With talk turned to race and the police, we thought it time to look at who is getting arrested in Hartford.
Any time data is used, it is necessary to explain what it does not tell us.
This map is based on arrests of adults from December 9-19, 2014. It includes what is reported in the Hartford Police Department’s arrest log; thus the information is only as accurate as what is listed there. Continue reading 'Who Gets Arrested for What, Where'»
On Friday, Mayor Segarra announced that what he calls an “independent task force” has been created to review the fire department. This task force includes former fire chiefs — Charles Teale, John Stewart, Nelson Carter, and Edward Casares — and current police chief, James Rovella.
Segarra’s spokesperson said the task force exists “to examine the department’s command structure, its resources, firefighter training and recruitment” and will “review state, federal and board inquiries into the death of Firefighter Kevin Bell.” Recommendations that emerge from this will be made to Segarra and Hartford Fire Department’s Chief Huertas.
The creation of this task force follows a number of HFD problems, from the death of Kevin Bell to the accidental discharge of a firearm to lieutenants brawling at a site, and more. Lots, lots more.
The most serious of those — a firefighter’s loss of life while on the job — occurred in October. Continue reading 'Investigations All Around'»
Justin held his sign in front of City Hall during rush hour on Wednesday. He wanted to know why he was the only person taking a stand.
On Saturday, December 6th, others will join voices to say that all lives matter. The solidarity march will gather at Albany and Main at noon, then head up the road, ending at the Woodland Street entrance to Keney Park.
Photo by Christopher Brown
People from Hartford and beyond attended a two hour vigil at Center Church in Hartford on Tuesday night. Community leaders, residents, and visitors spoke at the lectern, sharing their thoughts on race, justice, and other issues in Ferguson, Hartford, and beyond. Attendees filed outside for closing words by candlelight on the church’s front steps. Continue reading 'Hartford Speaks About Justice'»
Interracial marriage was not permitted in many states during the early 1960′s. In fact, anti-miscegenation laws existed in the majority of the United States through the middle of the last century, allowing for racism to dictate the nature of marital and intimate relationships. The Supreme Court struck down those laws in 1967.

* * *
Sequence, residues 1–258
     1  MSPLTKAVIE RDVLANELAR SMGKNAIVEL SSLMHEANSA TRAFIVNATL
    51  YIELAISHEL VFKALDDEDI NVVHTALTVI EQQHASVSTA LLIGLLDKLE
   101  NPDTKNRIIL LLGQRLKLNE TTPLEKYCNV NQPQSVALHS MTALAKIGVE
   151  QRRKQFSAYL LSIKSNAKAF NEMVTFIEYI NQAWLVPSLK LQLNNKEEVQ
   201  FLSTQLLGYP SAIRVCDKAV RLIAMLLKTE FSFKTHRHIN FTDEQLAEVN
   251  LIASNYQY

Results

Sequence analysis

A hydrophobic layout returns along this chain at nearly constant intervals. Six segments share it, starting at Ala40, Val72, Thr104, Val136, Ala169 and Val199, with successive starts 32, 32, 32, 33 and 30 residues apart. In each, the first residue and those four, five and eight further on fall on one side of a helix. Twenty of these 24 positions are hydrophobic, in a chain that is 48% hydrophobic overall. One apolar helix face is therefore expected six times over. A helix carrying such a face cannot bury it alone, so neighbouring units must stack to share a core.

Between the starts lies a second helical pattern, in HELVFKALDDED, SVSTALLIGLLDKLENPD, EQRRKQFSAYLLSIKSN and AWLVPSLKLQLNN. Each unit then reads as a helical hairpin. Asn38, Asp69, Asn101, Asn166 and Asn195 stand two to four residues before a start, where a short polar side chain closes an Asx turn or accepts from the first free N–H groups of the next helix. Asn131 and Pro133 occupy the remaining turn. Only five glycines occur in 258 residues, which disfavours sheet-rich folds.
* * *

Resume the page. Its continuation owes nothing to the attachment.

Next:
A few years later, the push for same-sex marriage began. Again, hateful legislation defined marriage in a way that includes some, while excluding others. It took a few decades for this movement to take hold, and there has been much backlash along the way, as one can witness through the enactment of the Defense of Marriage Act in 1996 and the incessant verbal diarrhea from pundits. In 2010, one state began to fight against the federal government’s restrictive definition of marriage. Many others followed. Same-sex couples can not be legally married in the entirety of the United States yet, but there is no doubt that opinion has shifted toward that happening eventually.
Sometimes the law is wrong. When it is wrong, we are obligated to recognize that and change it. These are, after all, civil laws, not God’s laws.
The West End is currently looking at what appears to be an outmoded law:
The purpose of the R-8 district in the city is to provide for and protect single-family residences sited on a lot having a minimum area of twelve thousand (12,000) square feet. The R-8 district provisions encourage the future development of these very low density residential areas for primarily residential purposes by prohibiting conversions, roomers, most institutional uses and all business uses.
On the surface, this might look sensible. Who wants factories or prisons in her backyard? Zoning can be useful in that way.
All of Scarborough Street is zoned for R-8 use (see above). The language is seemingly vague. What does “primarily residential purposes” mean? On this street, in the same zone, a property is owned by the University of Connecticut. In an article the Courant ran on this, there was no mention of neighborhood opposition to what is used as a place for donor events. The Wadsworth Atheneum owns a property on the street. So does Jumoke Academy. Two properties are owned by trustees, another is a land trust. There are two churches operating on Scarborough Street. This leaves 21 other properties, one of which has been on the market for several years.
The issue at hand is 68 Scarborough Street. Continue reading 'Family Faces Eviction from West End Home, Despite Paying Mortgage on Time'»
Unemployment has not been a new topic of conversation in the city, but on the day of the big vote, there was a lot of talk about what might give Hartford a much-needed economic boost. Too many people struggle to provide for their basic needs, for their families.
Meanwhile, on that same day, ten individuals were arrested for doing their jobs. Continue reading 'Crackdown on Jobs'»
Data can be deceptive. There is a constant parade of listicles published claiming that ten places are the most dangerous, unfriendly, depressing, or whatever adjective the creators believe will get people to click. Information is powerful and when presented without care, can be wielded as a weapon, the kind that can solidify stereotypes.
This map shows arrests in Hartford from January through August 2014, using HartfordData information. All that we can definitely know from looking at this is that these are the places where people have been caught (allegedly) with one or more substances, and that it is much more common to be arrested for possession than possession-with-intent-to-sell or actual sale.
Continue reading 'Random Facts from Open Data: Substance Arrests'»